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CNET First Look
Qualcomm Toq aims to reinvent smartwatches with a Mirasol displayLonger battery life and a sunlight-friendly reflective color screen: can these make Qualcomm's limited-run Toq watch a reference model for future wearables? We take a look at one of the first units.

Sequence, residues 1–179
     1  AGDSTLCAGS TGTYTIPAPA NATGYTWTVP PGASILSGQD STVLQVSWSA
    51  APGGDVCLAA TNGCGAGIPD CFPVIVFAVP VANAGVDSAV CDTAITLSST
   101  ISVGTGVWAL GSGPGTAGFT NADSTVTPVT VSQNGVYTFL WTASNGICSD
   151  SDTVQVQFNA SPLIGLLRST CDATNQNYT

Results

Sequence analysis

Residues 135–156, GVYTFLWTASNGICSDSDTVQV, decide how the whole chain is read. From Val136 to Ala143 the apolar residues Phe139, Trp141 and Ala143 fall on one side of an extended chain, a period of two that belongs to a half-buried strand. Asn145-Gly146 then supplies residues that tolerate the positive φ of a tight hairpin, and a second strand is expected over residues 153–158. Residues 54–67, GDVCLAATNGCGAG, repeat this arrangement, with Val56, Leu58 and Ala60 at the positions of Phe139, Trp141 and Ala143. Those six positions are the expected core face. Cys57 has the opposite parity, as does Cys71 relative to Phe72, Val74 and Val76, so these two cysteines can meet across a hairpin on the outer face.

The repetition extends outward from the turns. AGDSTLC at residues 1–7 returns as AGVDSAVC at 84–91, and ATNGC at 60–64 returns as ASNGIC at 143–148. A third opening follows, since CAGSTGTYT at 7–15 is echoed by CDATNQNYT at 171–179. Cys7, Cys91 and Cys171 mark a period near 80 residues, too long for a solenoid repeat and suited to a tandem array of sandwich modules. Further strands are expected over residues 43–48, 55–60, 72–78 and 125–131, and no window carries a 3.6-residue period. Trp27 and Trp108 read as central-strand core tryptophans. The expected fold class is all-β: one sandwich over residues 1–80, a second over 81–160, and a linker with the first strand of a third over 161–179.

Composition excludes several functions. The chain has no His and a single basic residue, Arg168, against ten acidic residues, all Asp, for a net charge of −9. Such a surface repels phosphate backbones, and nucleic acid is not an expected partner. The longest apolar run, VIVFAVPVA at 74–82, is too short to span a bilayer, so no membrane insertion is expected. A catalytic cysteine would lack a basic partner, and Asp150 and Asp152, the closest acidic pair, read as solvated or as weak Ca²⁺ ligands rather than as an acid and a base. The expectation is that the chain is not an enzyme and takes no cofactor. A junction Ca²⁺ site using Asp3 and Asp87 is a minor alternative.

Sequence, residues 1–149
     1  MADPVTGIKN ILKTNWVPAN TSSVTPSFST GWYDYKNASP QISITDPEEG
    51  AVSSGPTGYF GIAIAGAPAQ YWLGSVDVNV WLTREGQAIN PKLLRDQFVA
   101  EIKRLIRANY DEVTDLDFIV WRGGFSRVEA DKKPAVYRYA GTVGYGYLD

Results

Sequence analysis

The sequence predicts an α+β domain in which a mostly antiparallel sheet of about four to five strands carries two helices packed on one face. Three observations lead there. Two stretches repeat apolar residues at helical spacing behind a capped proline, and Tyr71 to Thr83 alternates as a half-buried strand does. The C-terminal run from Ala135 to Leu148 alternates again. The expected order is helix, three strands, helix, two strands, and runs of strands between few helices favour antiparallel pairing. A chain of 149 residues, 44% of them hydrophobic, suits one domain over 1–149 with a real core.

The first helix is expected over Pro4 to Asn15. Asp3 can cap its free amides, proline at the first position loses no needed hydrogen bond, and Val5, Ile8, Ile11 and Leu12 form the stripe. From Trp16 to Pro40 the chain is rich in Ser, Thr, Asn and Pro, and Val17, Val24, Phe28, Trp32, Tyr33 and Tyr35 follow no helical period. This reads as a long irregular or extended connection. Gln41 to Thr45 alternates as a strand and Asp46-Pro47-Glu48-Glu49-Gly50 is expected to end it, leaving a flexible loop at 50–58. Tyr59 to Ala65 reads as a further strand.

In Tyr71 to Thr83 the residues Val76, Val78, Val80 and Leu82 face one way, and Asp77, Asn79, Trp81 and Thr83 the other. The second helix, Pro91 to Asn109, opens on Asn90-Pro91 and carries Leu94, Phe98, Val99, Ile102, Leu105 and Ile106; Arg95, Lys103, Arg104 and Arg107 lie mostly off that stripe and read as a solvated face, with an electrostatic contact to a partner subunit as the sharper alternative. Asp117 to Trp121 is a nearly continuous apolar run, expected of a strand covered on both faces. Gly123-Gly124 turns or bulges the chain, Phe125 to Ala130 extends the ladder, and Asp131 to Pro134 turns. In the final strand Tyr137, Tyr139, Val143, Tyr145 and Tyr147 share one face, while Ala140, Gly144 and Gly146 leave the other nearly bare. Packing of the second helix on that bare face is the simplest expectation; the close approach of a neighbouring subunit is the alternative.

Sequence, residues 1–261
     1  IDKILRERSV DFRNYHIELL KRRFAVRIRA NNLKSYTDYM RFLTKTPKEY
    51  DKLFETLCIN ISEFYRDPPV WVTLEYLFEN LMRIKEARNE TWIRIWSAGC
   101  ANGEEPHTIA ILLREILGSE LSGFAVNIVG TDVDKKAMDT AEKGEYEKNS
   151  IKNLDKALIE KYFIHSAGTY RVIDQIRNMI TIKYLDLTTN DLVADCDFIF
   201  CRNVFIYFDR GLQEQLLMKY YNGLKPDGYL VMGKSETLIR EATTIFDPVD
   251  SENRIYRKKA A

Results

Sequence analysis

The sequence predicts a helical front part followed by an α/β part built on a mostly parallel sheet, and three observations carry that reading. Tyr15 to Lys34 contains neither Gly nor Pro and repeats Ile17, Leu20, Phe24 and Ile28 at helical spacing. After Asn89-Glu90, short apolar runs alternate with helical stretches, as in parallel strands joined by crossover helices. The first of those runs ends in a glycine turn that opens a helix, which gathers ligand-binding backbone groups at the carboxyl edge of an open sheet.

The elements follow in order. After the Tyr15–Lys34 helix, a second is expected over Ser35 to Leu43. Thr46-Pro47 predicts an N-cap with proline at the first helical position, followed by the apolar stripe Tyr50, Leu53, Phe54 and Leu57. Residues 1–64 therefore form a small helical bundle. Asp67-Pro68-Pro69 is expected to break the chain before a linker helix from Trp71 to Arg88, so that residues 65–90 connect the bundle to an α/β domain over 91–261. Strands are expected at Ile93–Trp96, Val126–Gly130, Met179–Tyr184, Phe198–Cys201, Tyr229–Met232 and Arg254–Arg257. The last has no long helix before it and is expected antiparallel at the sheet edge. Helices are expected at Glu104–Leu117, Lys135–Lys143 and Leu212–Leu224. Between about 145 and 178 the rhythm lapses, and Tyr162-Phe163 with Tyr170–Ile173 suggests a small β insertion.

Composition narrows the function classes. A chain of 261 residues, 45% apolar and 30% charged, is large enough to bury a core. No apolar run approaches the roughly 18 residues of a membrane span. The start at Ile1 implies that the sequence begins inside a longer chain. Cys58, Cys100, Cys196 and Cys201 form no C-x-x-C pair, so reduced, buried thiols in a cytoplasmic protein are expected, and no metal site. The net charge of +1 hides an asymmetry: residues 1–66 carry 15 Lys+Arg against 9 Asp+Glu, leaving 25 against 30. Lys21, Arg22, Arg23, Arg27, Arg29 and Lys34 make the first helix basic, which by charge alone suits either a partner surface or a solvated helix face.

Hi. I'm Scott Stein in Buy My Qualcomm Talk Watch, it's 11:42 AM. Qualcomm is in the Smartwatch business. And you may have heard about this around the time of the Samsung Galaxy Gear launch. But Qualcomm's release run for this watch is pretty small. The idea is more of a reference design for where smartwatches are headed according to Qualcomm. And the talk is more of a bare bone smartwatch that's built around the screen that is new and different and that they think will take smartwatches into a more battery-conscious direction. This is a Mirasol display. Now Mirasol has been kicking around for a while in the e-reader world. And what it is, is a reflective color display, more like what you'd see on e-reader but it does have the ability to show a bunch of colors. It does look very crisp and highly readable-- and that's Mirasol's advantage. It's like e-ink, it's very, very reflective. The Qualcomm Talk does have a backlight right on the top. You double tap and bring up. It sorta looks-- it's a side lighting and it looks a little more like an old-fashioned GameBoy Advanced with lighting than something like, you know, fancy backlit tablet or phone. The feature set is a lot like maybe a pebble, it's built largely around notifications. You can turn on notifications for any apps. You can also connect it with built-in apps for you've got stocks, you've got weather, you've got messaging and that's what's interesting is the Qualcomm Talk will light to give 10 responses directly from the watch and you can set those up on your phone. It's kinda useful. And it has a music player connectivity that can work with any app. On Android, now the Talk is only on an Android connectivity right now. It work with Android 4.0.3 phones or later and you've gotta have Bluetooth, of course. But it's not a restrictive as restrictive as some phones and watches that have, for instance, like the Gear that makes you go through a Samsung Galaxy family in order to use the watch. What else can it do? Well, if you're into the internet of things, this does connect with Qualcomm's all-joined but that's pretty in the weeds right now as far as what you would do for that as a normal human. It's not cheap. The Qualcomm Talk is $300 and comes with optional fully wireless stereo earbuds and a little fancy charge case that uses its own little contact chargers so you don't have to use cables. You put your watch right into it and there you go, wireless charging for your Qualcomm Talk. Because of its reflective low-power display, a low power processor and a battery tucked in to the watchband. The Qualcomm Talk should last for up to a week of use, which puts in a territory that only the Pebble Watch really matches. You have to cut this band yourself though, which is a little weird and it only comes in two colors, black and white. You might also have noticed that the touch elements are not only on the screen but they're also outside the screen on the face and even on the band to control some functions. Don't think of this as Qualcomm entering smartwatches. Think of this as Qualcomm trying to sell their technology into other manufacture or smartwatches in the future. This one is limited, so you may see a Mirasol display in another watch in the future. For now, stay tune for a full CNET review. It's an interesting if limited watch that's entering a very crowded market. I'm Scott Stein and that's a look at the Qualcomm Talk.